Brrr. It is SO GODDAMN COLD out there. The Beast from the East is making its presence firmly felt today, with up to 10cm of snow recorded in Ireland and freezing temperatures.
With a Red weather warning already in place for Dublin, Meath, Wicklow, Louth and Kildare, the arrival of Storm Emma tomorrow is expected to bring 25cm of snow. Yikes.
So how does this snow kerfuffle compare to five of Ireland’s worst?
The great Irish snowfall of 1917
The huge snowfall in April 1917 led to many people being cut off for days.
Snow lay to an estimated depth of 1.3 m with drifts of 3.0 m and were the heaviest since February, 1892, and probably
the heaviest in the whole 50 years (back to 1876).
The Big Freeze of 1947
Wartime rations still in place meant that the “freak” freeze of 1947 led to an estimated 600 deaths.
There was 30 days of snowfall recorded between January and March and people were cut off in certain parts of the country for days.
The severe cold spell of 1963
There were snow depths of 45 cm recorded in the winter of 1963 with snow falling in Wicklow, Waterford, Wexford, Cork, Tipperary, Limerick, Kildare and Kilkenny, while the Limerick Leader reported that for the first time in living memory the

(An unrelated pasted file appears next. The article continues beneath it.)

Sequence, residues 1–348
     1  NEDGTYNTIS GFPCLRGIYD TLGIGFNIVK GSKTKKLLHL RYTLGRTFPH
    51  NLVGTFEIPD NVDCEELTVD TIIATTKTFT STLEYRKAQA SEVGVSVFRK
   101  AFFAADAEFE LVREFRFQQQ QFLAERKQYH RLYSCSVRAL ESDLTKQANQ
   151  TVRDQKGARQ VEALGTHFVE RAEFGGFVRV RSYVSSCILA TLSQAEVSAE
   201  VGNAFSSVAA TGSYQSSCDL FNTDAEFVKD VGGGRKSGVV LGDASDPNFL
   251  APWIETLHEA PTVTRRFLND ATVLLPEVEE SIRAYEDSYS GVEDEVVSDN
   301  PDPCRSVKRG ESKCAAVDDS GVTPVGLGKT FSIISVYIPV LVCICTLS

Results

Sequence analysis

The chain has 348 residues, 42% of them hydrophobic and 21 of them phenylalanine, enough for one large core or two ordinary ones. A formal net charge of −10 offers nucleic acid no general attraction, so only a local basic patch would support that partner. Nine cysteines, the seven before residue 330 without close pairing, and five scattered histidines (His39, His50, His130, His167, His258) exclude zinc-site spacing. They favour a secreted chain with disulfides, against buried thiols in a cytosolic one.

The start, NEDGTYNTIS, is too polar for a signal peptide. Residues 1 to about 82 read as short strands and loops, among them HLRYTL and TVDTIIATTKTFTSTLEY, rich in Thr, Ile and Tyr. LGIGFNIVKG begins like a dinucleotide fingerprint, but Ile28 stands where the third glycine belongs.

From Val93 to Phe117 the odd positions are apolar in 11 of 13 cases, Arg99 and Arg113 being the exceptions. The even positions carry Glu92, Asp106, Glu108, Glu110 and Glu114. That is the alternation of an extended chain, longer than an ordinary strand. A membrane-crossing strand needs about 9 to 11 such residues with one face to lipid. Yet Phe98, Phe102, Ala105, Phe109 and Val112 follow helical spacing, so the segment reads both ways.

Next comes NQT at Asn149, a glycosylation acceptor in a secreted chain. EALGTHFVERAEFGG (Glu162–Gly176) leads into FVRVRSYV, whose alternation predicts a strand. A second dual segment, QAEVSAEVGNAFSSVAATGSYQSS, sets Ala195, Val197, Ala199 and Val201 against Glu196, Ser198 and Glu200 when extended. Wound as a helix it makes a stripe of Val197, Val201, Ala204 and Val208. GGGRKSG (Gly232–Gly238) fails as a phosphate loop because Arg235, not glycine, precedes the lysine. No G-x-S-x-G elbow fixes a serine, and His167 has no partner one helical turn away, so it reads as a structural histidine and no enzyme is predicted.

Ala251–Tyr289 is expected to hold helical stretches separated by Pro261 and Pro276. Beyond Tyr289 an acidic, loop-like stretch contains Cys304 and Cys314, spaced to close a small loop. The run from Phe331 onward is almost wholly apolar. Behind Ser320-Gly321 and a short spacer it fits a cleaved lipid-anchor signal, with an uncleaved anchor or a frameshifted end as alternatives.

frozen River Shannon could be crossed on foot near the city.
Snowfall of 1982
Strong easterly winds, reaching gale force in some coastal areas, caused extensive and deep snowdrifts, particularly in the east.
Snow reached 26cm and Ireland was covered in snow for three weeks, with motorists having to be rescued on the Naas Dual Carriage Way.
The cold winter of 2009/10
Ireland’s air temperatures fell below -10°C in places
and several stations recorded their lowest winter values
for more than 20 years.
This particular cold spell was notable for being the earliest spell of significant
duration (started in November) and lasted until January.
Hmm… We’ve a feeling this week’s snow storm might just be up there with these top five…